[Play Notebook Wars] Game Description: Check out this new game purely drawn in a notebook!! You will have 8 fully upgradable weapons, 5 planes to buy and 3 slots for each plane to place weapons, 15 large levels, more than 30 enemies and 4 final bosses, 15 hidden badges in-game! and a lot of fun for hours of destructive gameplay! | Take control of your powerful aircraft in this beautifully notebook-drawn (yes notebook-drawn!) game in attempts to complete all fifteen exciting level. Along the way, upgrade your aircraft and blow your enemies to shreds!
The difficulty was good, the whole concept reminded me of one of my favorites games, called Frantic. Over my course of my experience in Notebook War, I noticed several difficulty flaws, for one the firing of your bullets based on the mouse click seemed to be delayed to an extent. It could just be me, but sometimes the bullets didn’t fire at all. This is probably due to some glitch in the system, considering (and what you may be thing, is the problem) the game doesn’t lag at all for me. Like I said, I don’t know if this is a universal problem, but nevertheless your can enter “auto-fire” mode which seems to be lag free for me, so there’s the quick solution, but I would like to see that original problem fixed, instead of the users having to cover it up with the “auto-fire” option. The difficulty (ignoring the actual problem detailed above) was well designed, but on occasion the bullets would cloud the entire screen, making it practically impossible to avoid bullets. The overall enemy concept strongly reminded me of the Frantic series, whereas the enemies formed designs and bullet patterns. Overall, the difficulty was great, but there were a few flaws.
The concept itself was unique to the genre, it’s just another shoot em’ up and I would have liked to see a little originality, something that I haven’t seen before, but atlas the game did not deliver that, but instead provided a unique feel to the game itself, but nothing that alter the gameplay from other shooters, (such as the classic, Frantic and others) while provided a unique art, that itself is new to the genre. Most shooters that I notice focus on these insane graphics, which are extremely visually appealing, but Notebook War, flipped that idea and provided an almost opposite attraction, which was noticeable in its notebook-type art.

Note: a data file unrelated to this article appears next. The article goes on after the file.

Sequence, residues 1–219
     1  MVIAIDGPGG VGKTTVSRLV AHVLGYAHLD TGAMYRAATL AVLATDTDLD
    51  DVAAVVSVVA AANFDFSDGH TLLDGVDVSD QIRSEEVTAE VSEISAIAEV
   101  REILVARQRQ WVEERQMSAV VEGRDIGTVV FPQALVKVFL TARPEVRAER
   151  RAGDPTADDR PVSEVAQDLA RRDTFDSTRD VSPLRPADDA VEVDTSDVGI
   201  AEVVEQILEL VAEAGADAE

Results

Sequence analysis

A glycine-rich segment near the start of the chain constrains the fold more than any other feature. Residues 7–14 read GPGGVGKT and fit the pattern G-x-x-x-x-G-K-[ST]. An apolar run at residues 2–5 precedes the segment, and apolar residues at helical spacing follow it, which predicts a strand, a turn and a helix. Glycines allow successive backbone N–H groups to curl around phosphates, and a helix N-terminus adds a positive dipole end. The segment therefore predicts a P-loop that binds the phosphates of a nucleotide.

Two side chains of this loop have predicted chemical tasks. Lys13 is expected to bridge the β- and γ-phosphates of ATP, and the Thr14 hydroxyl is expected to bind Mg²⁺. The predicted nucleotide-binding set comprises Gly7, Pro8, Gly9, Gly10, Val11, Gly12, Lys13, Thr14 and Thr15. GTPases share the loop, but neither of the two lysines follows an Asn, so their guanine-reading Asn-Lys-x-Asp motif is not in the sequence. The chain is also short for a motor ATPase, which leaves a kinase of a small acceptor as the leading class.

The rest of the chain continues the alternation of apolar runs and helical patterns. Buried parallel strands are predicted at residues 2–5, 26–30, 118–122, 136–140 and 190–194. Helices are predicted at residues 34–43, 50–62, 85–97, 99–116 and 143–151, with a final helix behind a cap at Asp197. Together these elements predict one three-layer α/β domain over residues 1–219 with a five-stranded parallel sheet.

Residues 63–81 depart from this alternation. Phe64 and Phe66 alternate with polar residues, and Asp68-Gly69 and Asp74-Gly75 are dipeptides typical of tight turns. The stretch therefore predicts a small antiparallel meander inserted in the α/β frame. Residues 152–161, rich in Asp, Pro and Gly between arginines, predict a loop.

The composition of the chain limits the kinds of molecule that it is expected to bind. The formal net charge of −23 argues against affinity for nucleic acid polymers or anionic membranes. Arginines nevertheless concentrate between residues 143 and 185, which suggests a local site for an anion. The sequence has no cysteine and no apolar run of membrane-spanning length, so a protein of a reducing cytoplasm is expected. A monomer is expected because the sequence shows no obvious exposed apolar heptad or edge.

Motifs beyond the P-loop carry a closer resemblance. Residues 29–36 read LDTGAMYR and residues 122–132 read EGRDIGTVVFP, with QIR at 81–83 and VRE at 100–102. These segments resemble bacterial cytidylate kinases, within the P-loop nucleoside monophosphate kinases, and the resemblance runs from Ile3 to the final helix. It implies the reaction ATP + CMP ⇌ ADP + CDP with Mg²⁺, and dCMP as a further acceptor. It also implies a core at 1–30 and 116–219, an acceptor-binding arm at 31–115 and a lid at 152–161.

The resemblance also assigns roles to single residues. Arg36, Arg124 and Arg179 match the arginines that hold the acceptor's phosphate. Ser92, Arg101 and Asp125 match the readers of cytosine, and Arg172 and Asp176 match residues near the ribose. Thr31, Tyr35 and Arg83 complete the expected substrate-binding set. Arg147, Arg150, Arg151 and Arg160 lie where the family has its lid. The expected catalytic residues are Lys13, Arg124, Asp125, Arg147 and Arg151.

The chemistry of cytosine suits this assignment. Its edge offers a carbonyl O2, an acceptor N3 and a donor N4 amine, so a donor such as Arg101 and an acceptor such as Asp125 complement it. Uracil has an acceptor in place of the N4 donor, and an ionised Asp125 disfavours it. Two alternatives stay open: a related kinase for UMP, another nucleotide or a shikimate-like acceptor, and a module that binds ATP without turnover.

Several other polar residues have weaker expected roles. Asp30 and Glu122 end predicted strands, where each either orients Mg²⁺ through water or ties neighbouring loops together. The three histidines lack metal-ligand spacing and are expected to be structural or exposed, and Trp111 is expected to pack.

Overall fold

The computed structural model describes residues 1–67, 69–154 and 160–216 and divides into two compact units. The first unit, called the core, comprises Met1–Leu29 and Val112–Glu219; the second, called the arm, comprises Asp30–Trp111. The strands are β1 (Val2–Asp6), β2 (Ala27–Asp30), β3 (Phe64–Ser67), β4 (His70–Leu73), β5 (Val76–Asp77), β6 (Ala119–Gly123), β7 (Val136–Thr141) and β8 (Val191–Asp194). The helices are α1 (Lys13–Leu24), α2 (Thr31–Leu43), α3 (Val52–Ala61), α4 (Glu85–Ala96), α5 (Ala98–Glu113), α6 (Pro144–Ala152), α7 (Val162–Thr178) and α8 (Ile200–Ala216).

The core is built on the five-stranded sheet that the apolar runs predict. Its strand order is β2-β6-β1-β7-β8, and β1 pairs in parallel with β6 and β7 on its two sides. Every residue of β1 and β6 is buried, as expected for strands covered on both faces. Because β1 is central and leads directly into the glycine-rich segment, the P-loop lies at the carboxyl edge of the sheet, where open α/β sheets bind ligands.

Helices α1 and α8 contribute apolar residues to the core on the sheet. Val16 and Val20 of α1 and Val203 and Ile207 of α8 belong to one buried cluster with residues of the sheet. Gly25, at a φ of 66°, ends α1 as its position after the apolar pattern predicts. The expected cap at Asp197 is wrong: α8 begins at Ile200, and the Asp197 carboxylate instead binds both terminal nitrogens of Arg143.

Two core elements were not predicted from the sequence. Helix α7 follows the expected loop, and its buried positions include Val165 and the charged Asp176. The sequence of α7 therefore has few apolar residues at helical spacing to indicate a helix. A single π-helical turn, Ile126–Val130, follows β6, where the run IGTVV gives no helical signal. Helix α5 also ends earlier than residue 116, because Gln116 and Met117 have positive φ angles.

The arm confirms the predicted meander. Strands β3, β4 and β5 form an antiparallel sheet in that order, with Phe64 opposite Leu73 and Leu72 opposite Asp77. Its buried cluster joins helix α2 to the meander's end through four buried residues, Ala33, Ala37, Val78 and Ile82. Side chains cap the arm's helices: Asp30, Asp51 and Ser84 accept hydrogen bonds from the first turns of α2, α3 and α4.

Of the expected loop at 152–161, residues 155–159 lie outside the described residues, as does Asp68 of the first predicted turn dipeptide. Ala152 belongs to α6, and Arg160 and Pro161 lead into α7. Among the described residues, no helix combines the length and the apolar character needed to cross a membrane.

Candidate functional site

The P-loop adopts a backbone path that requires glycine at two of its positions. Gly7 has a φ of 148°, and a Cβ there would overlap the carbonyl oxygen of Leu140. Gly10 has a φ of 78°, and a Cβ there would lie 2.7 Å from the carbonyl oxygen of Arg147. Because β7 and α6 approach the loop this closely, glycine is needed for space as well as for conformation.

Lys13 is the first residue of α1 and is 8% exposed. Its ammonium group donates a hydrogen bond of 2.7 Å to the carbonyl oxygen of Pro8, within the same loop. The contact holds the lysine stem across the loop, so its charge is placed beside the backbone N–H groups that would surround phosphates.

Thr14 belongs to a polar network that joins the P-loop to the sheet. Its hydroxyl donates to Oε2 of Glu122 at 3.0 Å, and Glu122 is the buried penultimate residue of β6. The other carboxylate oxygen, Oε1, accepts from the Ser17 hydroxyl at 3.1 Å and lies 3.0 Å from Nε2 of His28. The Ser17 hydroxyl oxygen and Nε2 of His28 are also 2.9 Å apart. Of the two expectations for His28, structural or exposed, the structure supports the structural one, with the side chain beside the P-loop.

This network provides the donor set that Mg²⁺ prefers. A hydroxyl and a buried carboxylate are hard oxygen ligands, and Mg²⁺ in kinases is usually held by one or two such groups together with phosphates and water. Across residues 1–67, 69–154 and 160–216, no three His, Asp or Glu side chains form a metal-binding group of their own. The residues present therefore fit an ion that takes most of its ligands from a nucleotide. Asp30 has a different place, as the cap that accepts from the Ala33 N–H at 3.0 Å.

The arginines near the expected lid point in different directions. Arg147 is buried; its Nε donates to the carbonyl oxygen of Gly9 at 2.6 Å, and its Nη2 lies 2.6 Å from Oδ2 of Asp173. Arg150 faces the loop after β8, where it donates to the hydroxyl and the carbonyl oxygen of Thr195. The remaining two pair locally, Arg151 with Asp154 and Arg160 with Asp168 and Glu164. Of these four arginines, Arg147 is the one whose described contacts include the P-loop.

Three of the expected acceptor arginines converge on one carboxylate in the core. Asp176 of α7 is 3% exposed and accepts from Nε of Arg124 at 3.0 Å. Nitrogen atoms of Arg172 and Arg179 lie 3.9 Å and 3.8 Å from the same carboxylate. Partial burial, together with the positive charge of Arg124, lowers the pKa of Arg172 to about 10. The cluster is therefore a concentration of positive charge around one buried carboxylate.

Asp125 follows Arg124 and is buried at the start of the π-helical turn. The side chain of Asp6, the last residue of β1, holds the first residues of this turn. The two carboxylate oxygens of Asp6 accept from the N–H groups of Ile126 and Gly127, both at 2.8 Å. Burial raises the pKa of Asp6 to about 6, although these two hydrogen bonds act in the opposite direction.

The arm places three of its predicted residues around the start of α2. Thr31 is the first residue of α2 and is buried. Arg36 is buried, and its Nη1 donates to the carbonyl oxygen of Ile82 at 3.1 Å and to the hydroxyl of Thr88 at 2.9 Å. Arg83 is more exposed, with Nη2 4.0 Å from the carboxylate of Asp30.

The art, which I previously explained was amazing. The fact that it was all drawn in a notebook was a tremendous feat in my book. I really liked the notebook idea, which is one of the reason why I just had to check out the game “Notebook Wars” and the game did not let me down and provided simple, yet genius art that stunned me!
The music was epic, it made me feel as though I was in some legendary quest in some N64 game (please don’t take that the wrong way!). I don’t know how to describe it, it was truly ear-pleasing and musically appealing. The sound effects didn’t seem to go harmonious with the game, in other words, the sound effects seemed to, too loudly roar over the game, causing the epic music to be ruined in itself. I would have liked the sound effects to be turned down a notch and then let the background music take center-stage.
The difficulty ramp worked out perfectly, but there was no real urgency for the upgrades, considering you could take this game and incorporate the idea of dodging everything in your way, instead of actually obliterating all of the enemies, whereas you would not need to worry about health, nor damage, considering the facts that dodging the enemy fleet would ignore the consequences of those two issues which users would face if they were to focus on earning money and upgrades. Of course you can only do that for so long until you run into level, that require brute strength (bronze) over brains. Either way, the difficulty worked perfectly, although there has always been a couple of small flaws in every shoot em’ up, regardless of how the developer alter the concept, with it still remaining in its basic idea or form.
The achievement system worked great in Notebook Wars, but I hate it, absolutely hate it when they do not leave description on how to get the achievements, it feel more like I’m shooting for a needle in a hay-stack then actually achieving something. That actually stops me from wanting to earn the achievement, becomes I have no clue on how to actually earn them. Another function of Notebook Wars, that will be sure to bring back anyone who liked the game was the Kongregate API that was established, whereas users could share their high-scores on a variety of function in the game, from earning the best aircraft to your accuracy in each level, to name a few.
All in all, Notebook Wars was an absolutely, tremendously, amazing game, that included a unique art style that I hadn’t seen displayed in a shoot em’ up, let alone thousand of games before. The difficulty played its part perfectly and along with the difficulty ramp they worked in unison together, created a perfect mix of difficulty and progression in the difficulty that allowed each user to progress through the game easily throughout even as the game became more complex and difficult. The concept wasn’t new, nor unique, but the fantastic art made the entire game stand out from the crowd. The sound was genius and had a merry and energizing tone to it; sound effects could have been toned down a bit. The replay value was perfect, with such things as twelve mysterious in-game achievements and the Kongregate API. Overall, Notebook Wars was an amazing game and if you have a couple of minutes to spare, you’d be smart to be playing Notebook Wars. [Play Notebook Wars]